The teeth of the upper and lower jaw should fit neatly together. When they don’t, it can increase the risk of tooth decay and gum disease. Orthodontics is an area of dentistry that diagnoses and corrects teeth and jaw alignment problems using devices such as braces and plates.
When orthodontic treatment might be needed
Crooked, crowded and overlapping teeth can cause a range of problems, including:
- Tooth decay and gum disease – teeth which are very close together can be harder to clean properly. A build-up of plaque can lead to tooth decay and gum disease.
- Injury to the gum – if a tooth doesn’t meet with its partner on the opposite jaw properly, it may dig into the gum and cause damage.
- Wear and tear – if teeth don’t sit properly the action of chewing can wear them unevenly.
- Self-confidence – teeth problems can make people feel embarrassed and they may not feel comfortable to smile.
Diagnosis of teeth and jaw alignment problems
Problems with teeth and jaw alignment are identified using a number of tests, including:
- x-rays of the mouth
- impressions of the upper and lower jaws, which are used to make plaster casts.
Examples of orthodontic problems
Some common orthodontic problems are:
- Excessive overbite – is when the top teeth bite over the bottom teeth more than normal. With teeth closed, you would normally expect to see about half of the lower teeth. If you see less than half, this could be an excessive overbite.
- Underbite – the bottom jaw sits further forward that normal. When teeth are closed, the lower front teeth sit in front of the upper front teeth.
- Protruded teeth –when the upper jaw sits further forward than the lower jaw. With the teeth together, you would expect the upper teeth to sit on the inside of the lower lip. If they sit over the lower lip, this might be a sign of protruded teeth. A person with protruded teeth is more at risk of tooth damage or loss from accidents and may have speech or eating problems. Many people also choose to correct protruded teeth for cosmetic reasons.
- Crowded teeth – there is not enough space for teeth to sit side by side and they overlap. Can be caused by large teeth, a small jaw, or both.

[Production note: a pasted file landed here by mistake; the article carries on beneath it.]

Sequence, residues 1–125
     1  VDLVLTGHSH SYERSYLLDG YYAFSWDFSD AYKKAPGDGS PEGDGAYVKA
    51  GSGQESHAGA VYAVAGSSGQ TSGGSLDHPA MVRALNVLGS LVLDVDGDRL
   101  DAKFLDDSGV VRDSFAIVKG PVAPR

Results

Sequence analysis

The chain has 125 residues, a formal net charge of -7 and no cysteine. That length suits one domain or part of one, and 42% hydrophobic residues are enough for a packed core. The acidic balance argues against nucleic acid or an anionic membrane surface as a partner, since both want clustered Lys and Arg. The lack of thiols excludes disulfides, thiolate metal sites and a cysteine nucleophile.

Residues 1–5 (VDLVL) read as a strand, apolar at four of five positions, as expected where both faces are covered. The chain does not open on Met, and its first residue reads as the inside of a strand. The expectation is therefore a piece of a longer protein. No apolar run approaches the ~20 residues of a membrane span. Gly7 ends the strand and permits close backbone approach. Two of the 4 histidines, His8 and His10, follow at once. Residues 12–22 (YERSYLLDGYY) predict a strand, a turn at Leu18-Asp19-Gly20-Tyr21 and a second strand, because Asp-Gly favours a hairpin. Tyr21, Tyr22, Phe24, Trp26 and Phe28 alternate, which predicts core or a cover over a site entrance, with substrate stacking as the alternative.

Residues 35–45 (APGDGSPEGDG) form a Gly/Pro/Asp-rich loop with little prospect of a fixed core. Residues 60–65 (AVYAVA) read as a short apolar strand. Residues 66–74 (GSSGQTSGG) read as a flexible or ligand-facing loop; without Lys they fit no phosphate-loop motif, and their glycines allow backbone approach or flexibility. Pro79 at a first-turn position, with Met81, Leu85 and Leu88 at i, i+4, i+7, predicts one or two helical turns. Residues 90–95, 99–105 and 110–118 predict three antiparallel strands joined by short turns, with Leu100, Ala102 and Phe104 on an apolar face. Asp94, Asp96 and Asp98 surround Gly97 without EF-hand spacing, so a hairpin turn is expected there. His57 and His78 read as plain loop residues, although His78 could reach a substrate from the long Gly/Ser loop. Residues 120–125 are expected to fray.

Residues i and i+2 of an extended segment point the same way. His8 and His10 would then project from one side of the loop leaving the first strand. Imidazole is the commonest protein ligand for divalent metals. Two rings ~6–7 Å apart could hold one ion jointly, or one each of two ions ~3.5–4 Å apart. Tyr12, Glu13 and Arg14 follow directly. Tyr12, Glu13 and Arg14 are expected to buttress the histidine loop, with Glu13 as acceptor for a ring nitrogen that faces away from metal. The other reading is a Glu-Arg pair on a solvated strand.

Examples of orthodontic treatments
A range of orthodontic devices may be used to move teeth, or to keep them in place. These include:
- Braces – tiny brackets are attached to the front of each tooth, and a wire is tied to them. The constant gentle pressure of the wire slowly moves the teeth.
- Elastics – these small rubber bands are stretched between upper and lower braces for extra force to move teeth.
- Plate – a plastic device that sits in the mouth and uses wires and springs to push teeth into a particular position, or to hold them in place. Unlike braces, a plate can be taken out of the mouth.
Age for orthodontic treatment
Usually, problems can be detected by eight or nine years of age. Most orthodontic treatment is done after all the permanent teeth are through, at around 11 to 13 years. Some treatment can be started earlier, at about age eight or nine. Adults can be treated too.
Risks of orthodontic treatment
Some of the risks of orthodontic treatment include:
- Dental hygiene problems – braces and wires make cleaning the teeth more difficult. This may increase the chance of tooth decay and permanent marks. It is important that teeth are cleaned thoroughly twice a day during orthodontic treatment to avoid these problems.
- Soft tissue injury –braces may dig into the gums or cheeks, damaging them.
- Relapse – the corrected teeth may move again once braces are taken off. The main reason plates are worn after braces have been taken off is to prevent this from happening.
Orthodontic treatment information
Orthodontic treatment is provided by an orthodontist, and sometimes by a dentist. An orthodontist is a dentist who has done additional study to specialise in the diagnosis, prevention and treatment of problems in the alignment of teeth and jaws.
The orthodontist or dentist will take detailed records of your teeth and jaw, diagnose any problem, plan the treatment and carry out the care as required.
Costs vary depending on the type of problem and the amount of treatment needed. Ask your orthodontist or other oral health professional for advice.
Where to get help
Your maternal and child health nurse
- Community dental clinics:
- The Royal Dental Hospital of Melbourne:
- General enquiries or to make an appointment Tel. (03) 9341 1000 or 1800 833 039 outside Melbourne metro 8.30 am to 5 pm, Monday to Friday
- Dental emergencies Tel. 1300 360 054 8.30 am to 9.15 pm, Monday to Friday, 9 am to 9.15 pm, weekends and public holidays
- Your private dental clinic:
- Your orthodontist
- The Australian Society of Orthodontists Tel. (02) 9431 8666
Things to remember
- Teeth which do not sit properly can lead to a variety of problems, including tooth decay and gum disease.
- Orthodontics is a type of dentistry that corrects teeth and jaw alignment problems.
- Speak to your oral health professional if you are worried about how your teeth sit.
This page has been produced in consultation with and approved by:
Dental Health Services Victoria
Page content currently being reviewed.
Content on this website is provided for education and information purposes only. Information about a therapy, service, product or treatment does not imply endorsement and is not intended to replace advice from your doctor or other registered health professional. Content has been prepared for Victorian residents and wider Australian audiences, and was accurate at the time of publication. Readers should note that, over time, currency and completeness of the information may change. All users are urged to always seek advice from a registered health care professional for diagnosis and answers to their medical questions.